KRUGMAN: The United States is the lowest taxed advanced country, by far ...
O'REILLY: Yeah, because they're not a socialist country. [O'Reilly asserts that Ronald Reagan's tax policy stimulated the economic growth of the 90s.]
KRUGMAN (sarcastically): I love this!
O'REILLY: ... I don't care whether you believe it or not. You're a quasi-socialist. ...
KRUGMAN: ... You take a look at anything I've written about economics and I'm not a socialist. You know, that's a slander.
O'REILLY (serenely and smugly): I said quasi.
KRUGMAN: Well, that's a wonderful out. Then you're a quasi-murderer!
So what's the deal with "quasi"? It's something you tack on to a hot term you really want to use, so that you don't have to take responsibility for using it. So I agree it's not idly deployed. It's the plausible deniability prefix. But I think Krugman was right to perceive that O'Reilly had called him a socialist.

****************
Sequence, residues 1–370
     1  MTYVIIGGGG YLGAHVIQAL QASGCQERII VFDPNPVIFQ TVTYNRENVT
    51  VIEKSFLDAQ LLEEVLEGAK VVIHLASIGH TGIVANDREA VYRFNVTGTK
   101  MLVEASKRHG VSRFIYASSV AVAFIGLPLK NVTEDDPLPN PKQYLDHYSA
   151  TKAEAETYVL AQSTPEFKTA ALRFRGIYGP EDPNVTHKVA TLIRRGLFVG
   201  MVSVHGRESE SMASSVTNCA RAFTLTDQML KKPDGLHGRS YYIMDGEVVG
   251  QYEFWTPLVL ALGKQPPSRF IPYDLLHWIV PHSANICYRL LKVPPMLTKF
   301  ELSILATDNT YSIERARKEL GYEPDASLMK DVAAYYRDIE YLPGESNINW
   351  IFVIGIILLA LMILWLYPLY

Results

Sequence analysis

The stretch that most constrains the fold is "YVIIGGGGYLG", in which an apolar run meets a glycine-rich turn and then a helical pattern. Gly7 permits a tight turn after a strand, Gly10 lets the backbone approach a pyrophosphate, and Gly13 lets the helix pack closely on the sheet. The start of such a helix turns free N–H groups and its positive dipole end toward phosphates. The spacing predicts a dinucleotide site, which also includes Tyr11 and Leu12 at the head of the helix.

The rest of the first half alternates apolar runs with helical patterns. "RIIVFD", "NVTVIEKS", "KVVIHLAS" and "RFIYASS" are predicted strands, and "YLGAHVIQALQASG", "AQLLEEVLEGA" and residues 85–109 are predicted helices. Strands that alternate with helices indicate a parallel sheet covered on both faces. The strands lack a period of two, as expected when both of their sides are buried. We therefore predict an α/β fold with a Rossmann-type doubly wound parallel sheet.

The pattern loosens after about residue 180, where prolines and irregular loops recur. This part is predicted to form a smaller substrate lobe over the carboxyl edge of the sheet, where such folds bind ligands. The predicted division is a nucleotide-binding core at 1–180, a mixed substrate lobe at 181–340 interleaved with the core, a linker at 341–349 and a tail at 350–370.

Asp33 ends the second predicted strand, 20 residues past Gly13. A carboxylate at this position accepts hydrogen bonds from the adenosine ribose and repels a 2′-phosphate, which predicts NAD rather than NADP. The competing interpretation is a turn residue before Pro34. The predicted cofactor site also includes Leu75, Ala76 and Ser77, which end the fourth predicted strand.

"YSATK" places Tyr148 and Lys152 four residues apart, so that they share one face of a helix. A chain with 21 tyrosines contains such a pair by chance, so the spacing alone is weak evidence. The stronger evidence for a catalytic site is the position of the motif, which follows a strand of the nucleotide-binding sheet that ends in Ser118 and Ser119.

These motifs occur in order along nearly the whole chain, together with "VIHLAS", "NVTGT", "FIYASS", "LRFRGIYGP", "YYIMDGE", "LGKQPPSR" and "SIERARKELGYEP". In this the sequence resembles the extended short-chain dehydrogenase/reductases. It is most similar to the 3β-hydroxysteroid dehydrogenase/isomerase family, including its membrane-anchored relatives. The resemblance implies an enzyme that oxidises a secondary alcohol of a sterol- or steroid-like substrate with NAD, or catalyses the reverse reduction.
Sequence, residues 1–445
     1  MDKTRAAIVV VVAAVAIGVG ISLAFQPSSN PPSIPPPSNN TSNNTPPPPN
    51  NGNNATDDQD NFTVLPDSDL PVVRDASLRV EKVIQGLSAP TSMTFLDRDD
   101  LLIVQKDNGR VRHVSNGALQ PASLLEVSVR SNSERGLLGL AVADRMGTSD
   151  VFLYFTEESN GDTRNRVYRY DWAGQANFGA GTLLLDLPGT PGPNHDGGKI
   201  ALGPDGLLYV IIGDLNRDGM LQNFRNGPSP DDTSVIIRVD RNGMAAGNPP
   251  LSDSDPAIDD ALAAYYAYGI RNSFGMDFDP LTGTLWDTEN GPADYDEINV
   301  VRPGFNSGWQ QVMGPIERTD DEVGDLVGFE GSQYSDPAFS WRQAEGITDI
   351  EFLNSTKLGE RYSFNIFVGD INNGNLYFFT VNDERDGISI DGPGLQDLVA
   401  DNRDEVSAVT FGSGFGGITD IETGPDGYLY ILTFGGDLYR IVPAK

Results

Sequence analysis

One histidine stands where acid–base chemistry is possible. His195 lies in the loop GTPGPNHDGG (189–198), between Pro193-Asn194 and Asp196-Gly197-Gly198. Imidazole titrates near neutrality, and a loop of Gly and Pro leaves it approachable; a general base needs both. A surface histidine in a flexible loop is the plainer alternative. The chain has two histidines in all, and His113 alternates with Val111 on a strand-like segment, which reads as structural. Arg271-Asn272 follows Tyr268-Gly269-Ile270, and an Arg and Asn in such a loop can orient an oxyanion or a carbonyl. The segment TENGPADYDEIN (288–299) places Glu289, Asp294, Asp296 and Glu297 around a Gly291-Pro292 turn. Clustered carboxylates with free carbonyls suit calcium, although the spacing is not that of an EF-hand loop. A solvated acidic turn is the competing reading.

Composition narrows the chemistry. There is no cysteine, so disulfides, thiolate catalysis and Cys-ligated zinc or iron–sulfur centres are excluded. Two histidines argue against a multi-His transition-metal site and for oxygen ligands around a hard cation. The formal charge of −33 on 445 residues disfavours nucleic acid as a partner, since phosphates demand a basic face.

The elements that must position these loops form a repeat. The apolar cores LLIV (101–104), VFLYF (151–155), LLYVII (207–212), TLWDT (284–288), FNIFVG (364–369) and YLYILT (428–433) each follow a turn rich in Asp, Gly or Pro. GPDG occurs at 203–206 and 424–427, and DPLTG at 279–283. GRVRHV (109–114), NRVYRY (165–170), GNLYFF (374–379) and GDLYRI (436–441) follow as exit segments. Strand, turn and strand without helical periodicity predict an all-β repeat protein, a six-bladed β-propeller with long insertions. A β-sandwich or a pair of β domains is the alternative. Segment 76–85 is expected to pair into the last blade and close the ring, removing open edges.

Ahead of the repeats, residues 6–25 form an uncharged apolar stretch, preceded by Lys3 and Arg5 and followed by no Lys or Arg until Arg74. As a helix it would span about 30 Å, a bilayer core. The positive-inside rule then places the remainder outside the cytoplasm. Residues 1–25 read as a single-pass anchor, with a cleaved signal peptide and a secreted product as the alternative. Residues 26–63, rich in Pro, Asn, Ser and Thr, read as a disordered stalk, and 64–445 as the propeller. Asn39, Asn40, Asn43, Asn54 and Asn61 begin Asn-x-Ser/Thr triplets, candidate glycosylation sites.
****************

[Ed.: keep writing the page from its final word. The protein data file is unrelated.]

UPDATE: Jeremy has a longish post in response, which winds its way around to talking about John Kerry's assertion that Bush's approach to managing the volunteer military is a "backdoor draft." I realized at some point in reading Jeremy's post that "quasi" can also be used to make an insult out of what is not an insult, for example, in referring to something as "quasi-humorous." Anyway, that doesn't refer to Jeremy's post, which is actually humorous, that refers to a letter I wrote a long time ago, criticizing someone for writing an article insulting someone else and meaning to escape responsibility by casting the article as a humor piece. Not wanting to give the article writer any credit, I called the piece "quasi-humorous." Now that I've made such a big deal out of "quasi," if I ever use "quasi" again, it's going to make me queasy.